Socialization Experiences of Athletic Training Preceptors

Document Type


Publication Date




Publication Title

Athletic Training Education Journal








Context: Preceptors serve to model behaviors for athletic training students (ATSs) and provide meaningful practical experiences. Preceptor development in athletic training has been described as both formal and informal training. Whereas regular and ongoing formal preceptor training is common and an expectation of accreditation, informal training may also be occurring but less is known about its impact.

Objective: Determine the socialization experiences influencing the role of being a preceptor.

Design: Qualitative.

Setting: Focus group.

Patient or Participants: Inclusion criteria were met if candidates were currently or had been previously a preceptor, whereas exclusion criteria were met if candidates had no previous or current preceptor experience. Participants (age=32 6 9 years, clinical-practice experience = 10 6 8 years, preceptorship experience = 7 6 4 years) were predominantly women (72.2%, n = 13/18), held a master's degree (77%, n = 14/18), and were educated and eligible for certification through an accredited bachelors program (88%, n = 16/18).

Main Outcome Measure(s): A total of 18 individuals participated in 7 focus groups, with 1 focus group excluded for minimal attendance. A 2-member data-analysis team coded focus group transcripts using the phenomenological approach; data were organized into themes and subthemes. Results: Preceptors discussed their formal training as programmatic responsibilities (Theme 1) while striving to create an ideal culture and environment (Theme 2) for student learning. The perceived preparedness theme (Theme 3) represented a lack of preparation and how preceptors worked to develop what they did not know. Last, preceptors described how they aimed to continue to improve their ability as preceptors (Theme 4).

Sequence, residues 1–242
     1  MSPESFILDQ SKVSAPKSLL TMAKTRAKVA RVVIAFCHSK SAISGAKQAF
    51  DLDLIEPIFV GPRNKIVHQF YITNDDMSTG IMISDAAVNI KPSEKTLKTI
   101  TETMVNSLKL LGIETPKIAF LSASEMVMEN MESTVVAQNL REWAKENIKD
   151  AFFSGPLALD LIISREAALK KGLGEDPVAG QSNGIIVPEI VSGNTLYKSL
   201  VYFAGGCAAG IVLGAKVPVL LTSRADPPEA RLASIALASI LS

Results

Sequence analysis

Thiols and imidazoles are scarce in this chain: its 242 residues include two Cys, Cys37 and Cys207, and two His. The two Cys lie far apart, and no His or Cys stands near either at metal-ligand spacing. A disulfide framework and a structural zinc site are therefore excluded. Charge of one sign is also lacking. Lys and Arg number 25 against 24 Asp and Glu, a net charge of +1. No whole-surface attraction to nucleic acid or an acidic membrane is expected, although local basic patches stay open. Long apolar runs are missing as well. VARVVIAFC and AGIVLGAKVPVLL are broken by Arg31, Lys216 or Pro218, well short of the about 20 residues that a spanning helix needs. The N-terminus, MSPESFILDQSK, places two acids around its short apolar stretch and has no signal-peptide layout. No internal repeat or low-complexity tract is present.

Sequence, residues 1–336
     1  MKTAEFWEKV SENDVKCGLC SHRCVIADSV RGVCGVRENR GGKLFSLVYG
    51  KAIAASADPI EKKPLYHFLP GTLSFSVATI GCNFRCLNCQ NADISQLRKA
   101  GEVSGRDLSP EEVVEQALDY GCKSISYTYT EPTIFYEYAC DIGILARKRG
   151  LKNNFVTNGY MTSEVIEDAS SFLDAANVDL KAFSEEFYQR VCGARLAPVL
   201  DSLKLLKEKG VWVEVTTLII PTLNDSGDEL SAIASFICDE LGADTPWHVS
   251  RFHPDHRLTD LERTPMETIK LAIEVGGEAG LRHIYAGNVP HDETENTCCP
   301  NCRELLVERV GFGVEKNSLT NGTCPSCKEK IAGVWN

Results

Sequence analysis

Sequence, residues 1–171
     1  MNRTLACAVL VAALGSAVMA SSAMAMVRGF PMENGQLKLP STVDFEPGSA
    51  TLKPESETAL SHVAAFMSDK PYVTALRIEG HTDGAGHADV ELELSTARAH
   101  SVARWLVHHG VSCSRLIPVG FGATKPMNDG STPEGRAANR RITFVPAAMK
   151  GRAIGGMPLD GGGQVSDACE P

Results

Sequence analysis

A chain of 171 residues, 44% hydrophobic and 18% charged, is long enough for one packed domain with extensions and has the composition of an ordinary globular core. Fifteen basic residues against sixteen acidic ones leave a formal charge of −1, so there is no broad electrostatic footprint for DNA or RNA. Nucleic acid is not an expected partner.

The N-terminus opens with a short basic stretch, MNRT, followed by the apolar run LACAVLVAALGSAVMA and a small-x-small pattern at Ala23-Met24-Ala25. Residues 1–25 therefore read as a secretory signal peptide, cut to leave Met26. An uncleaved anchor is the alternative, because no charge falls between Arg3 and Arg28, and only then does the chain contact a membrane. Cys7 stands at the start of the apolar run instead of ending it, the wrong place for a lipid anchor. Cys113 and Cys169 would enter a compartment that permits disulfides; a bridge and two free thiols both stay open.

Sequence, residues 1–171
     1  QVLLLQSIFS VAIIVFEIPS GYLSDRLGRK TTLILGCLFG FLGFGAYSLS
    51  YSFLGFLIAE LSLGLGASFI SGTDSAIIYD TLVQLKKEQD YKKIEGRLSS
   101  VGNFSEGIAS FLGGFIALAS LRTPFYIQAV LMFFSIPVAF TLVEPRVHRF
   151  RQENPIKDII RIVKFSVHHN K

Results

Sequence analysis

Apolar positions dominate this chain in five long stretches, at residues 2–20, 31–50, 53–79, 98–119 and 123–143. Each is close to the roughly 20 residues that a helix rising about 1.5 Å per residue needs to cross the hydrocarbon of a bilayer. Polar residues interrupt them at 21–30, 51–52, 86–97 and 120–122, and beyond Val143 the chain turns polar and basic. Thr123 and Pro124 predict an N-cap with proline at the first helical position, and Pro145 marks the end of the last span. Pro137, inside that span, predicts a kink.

Conclusions: Participants focused on incorporating behaviors modeled for them previously as well as peer feedback to work toward the development of an ideal learning culture for ATSs. Although informal socialization to the role of preceptor is important, it is also irregular; formal pedagogical instruction and development may prove more beneficial.


© National Athletic Trainers' Association

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0000-0003-3171-9141 (Cavallario)

Original Publication Citation

Hyland, D., Cavallario, J., Neil, E. R., Laursen, M., & Eberman, L. E. (2020). Socialization experiences of athletic training preceptors. Athletic Training Education Journal 15(2), 102-112. https://doi.org/10.4085/1947-380X-19-060